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Author Topic: Keeping things in perspective  (Read 1545 times)

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Offline woodshere

  • Member
  • Posts: 1,477
  • ain't no shame in my game
Keeping things in perspective
« on: May 01, 2007, 04:08:36 PM »
Last night I had a pity party.  It continued till this morning.  The guest list included loneliness, financial difficulty, HIV, depression, the look of losing weight when I am not, fatigue, diarrhea, sadness and lack of BF.  Of course the guest of honor was me.

This morning the party came to an abrupt end with a phone call.  To supplement my income, I have a small house & dog sitting business.  Many of my clients are friends, family of friends or friends of friends.  Today's phone call involved a client who is a friend and also the daughter of a very good friend.  Last night while my client and her husband were driving home they had an argument.  While driving he took a gun from the console and shot himself.  Miraculously a wreck didn't happen causing more injuries.

I cannot imagine how a person deals with the horrors of suicide, but it is beyond my comprehension how she will be able to deal having been a witness 2 feet away and watching her husband kill himself. 

Of course I still have my problems, but this morning I was reminded how trivial they are when compared to what others must face.  I am indeed fortunate and thankful.

Woods
"Let us give pubicity to HV/AIDS and not hide it..." "One of the things destroying people with AIDS is the stigma we attach to it."   Nelson Mandela

Offline DanielMark

  • Member
  • Posts: 1,475
Re: Keeping things in perspective
« Reply #1 on: May 01, 2007, 04:44:25 PM »
Woods,

Through the past 18 years of living with this unwanted houseguest, the agonies and difficulties, learning (and remembering) how to keep things in perspective has become my most important survival tool. Its so easy to blow things out of proportion with worry and fears especially if feeling down many of which turn out to be nothing really.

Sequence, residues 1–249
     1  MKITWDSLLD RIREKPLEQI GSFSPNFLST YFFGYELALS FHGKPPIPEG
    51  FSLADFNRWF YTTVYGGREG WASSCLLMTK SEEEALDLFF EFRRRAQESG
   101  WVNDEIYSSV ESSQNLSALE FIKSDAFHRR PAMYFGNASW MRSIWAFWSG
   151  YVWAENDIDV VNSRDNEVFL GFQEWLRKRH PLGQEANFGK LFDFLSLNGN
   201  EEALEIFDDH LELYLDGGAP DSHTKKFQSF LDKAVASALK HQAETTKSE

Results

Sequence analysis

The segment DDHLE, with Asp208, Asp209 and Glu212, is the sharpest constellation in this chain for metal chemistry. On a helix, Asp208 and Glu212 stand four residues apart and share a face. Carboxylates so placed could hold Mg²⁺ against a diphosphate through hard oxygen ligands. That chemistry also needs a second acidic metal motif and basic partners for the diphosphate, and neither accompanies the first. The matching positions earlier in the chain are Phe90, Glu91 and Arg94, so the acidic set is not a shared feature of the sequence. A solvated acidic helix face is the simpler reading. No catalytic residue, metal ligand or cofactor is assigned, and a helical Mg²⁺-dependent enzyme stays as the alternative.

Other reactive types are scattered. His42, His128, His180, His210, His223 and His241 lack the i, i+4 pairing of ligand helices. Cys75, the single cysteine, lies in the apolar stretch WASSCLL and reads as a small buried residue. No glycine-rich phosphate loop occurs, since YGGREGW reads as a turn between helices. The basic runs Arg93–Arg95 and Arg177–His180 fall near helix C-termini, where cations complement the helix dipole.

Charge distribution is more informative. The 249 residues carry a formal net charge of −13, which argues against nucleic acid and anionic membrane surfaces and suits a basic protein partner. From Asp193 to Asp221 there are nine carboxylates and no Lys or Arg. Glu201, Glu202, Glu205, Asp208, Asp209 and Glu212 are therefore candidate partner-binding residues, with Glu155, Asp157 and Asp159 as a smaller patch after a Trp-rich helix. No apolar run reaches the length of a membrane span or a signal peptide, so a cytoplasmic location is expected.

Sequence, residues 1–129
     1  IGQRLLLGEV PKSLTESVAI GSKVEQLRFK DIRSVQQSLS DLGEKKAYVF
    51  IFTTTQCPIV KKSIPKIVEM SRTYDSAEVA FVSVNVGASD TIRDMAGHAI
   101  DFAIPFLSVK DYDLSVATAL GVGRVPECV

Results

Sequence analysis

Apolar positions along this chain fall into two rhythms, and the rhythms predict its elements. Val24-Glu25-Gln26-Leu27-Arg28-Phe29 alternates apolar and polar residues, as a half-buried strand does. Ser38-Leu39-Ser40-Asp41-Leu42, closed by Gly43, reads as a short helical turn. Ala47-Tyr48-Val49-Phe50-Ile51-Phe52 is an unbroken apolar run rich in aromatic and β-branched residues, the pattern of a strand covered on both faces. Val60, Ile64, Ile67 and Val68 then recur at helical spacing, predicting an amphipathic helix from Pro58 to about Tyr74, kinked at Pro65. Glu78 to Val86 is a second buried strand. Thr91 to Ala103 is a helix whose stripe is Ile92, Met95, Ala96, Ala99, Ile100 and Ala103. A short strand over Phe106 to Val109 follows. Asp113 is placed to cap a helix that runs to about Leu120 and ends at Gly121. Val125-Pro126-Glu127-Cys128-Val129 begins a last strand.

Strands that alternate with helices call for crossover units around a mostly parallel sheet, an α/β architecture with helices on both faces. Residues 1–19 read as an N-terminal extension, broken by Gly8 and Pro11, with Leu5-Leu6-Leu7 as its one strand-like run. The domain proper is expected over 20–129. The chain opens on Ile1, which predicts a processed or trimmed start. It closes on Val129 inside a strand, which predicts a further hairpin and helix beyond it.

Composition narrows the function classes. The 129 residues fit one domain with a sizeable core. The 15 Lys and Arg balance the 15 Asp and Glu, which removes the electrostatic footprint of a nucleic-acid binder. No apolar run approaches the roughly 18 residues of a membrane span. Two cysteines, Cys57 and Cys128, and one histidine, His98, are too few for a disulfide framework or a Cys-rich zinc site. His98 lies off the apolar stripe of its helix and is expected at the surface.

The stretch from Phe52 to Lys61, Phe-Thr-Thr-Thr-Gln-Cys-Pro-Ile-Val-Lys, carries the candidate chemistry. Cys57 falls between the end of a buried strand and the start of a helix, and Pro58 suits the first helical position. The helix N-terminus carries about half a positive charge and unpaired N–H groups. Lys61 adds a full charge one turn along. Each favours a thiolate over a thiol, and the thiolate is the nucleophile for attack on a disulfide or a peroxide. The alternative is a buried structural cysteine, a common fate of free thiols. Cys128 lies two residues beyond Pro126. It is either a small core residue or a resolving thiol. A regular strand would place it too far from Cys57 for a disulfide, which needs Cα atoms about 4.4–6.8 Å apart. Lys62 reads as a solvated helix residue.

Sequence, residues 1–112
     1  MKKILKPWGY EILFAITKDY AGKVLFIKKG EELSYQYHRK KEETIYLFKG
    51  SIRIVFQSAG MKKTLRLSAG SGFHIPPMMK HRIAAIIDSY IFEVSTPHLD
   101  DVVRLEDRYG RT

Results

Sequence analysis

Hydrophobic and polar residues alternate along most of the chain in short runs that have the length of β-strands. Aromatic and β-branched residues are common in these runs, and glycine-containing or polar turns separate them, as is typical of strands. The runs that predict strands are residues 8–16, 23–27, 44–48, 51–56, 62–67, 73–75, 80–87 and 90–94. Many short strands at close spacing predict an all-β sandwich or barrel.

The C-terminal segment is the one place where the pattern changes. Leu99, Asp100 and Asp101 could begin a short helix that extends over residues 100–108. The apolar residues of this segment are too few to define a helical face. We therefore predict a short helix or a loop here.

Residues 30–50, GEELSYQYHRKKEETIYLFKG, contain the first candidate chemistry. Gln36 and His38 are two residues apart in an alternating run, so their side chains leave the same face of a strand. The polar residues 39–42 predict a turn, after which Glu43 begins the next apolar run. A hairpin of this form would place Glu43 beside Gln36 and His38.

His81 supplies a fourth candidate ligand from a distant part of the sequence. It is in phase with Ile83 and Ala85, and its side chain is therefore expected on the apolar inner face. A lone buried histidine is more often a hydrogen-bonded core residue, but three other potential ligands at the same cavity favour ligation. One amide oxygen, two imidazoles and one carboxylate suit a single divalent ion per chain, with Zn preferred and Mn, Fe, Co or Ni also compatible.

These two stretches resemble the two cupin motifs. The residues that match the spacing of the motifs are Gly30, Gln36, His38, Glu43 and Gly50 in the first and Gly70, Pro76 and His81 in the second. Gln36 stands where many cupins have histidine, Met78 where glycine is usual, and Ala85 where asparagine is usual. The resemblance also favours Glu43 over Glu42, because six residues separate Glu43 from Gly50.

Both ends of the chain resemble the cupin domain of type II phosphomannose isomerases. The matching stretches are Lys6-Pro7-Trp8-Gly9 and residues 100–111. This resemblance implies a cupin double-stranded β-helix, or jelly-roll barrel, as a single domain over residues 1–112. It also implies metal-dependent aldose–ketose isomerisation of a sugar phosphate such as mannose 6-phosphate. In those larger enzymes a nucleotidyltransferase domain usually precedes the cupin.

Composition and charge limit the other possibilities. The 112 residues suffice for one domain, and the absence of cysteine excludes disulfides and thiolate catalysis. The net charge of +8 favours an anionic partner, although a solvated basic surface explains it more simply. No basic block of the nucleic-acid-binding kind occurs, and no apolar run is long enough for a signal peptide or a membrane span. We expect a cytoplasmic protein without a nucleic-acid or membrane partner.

Thank you for bringing this subject up.

Daniel
MEDS: REYATAZ & KIVEXA (SINCE AUG 2008)

MAY 2000 LAB RESULTS: CD4 678
VL STILL UNDETECTABLE

DIAGNOSED IN 1988

Offline Iggy

  • Member
  • Posts: 2,435
Re: Keeping things in perspective
« Reply #2 on: May 01, 2007, 05:57:36 PM »
I absolutely agree that we have to keep things in perspective, but to me part of that perspective is acknowledging the issues that we do face. 

Speaking for myself, For me,  saying someone else has it worse doesn't really do anything productive for my outlook as it only feels like I'm guiling myself not to acknowledge my own very real problems.  I think other's tragedies also just make me feel darker rather than better as I see it as proof of a lot of the darkness, or more appropriately cold randomness, of the world that can inflict harm on us no matter how hard we try to avoid it.

What does help me keep things in perspective however is looking at what is wrong in my life along with what is good in my life.  That allows me to be able to confront things without guilt and gauge if I am allowing something bad that is going on to have a disproportionate effect on my outlook.






Offline GSOgymrat

  • Member
  • Posts: 5,054
  • HIV+ since 1993. INTJ
Re: Keeping things in perspective
« Reply #3 on: May 01, 2007, 06:29:49 PM »
What an awful story. I'm very sorry for your friend.

Offline StacheBC

  • Member
  • Posts: 266
  • Hello
Re: Keeping things in perspective
« Reply #4 on: May 03, 2007, 01:28:22 AM »
Thanks for sharing Woods.

Like you, if I'm feeling down, if I remind myself of how good I have it compared to other... it lifts me up.
Not because I have some sort of sick pleasure...  I'm better off then they are...  More out of compassion for others, seeing how others can cope with more obstacles then I have.
Although some days just Suck big time...

Seeing how a person named Woods can turn a horrible story, into something positive.

Wishing you the very best,
Mauricio.


 


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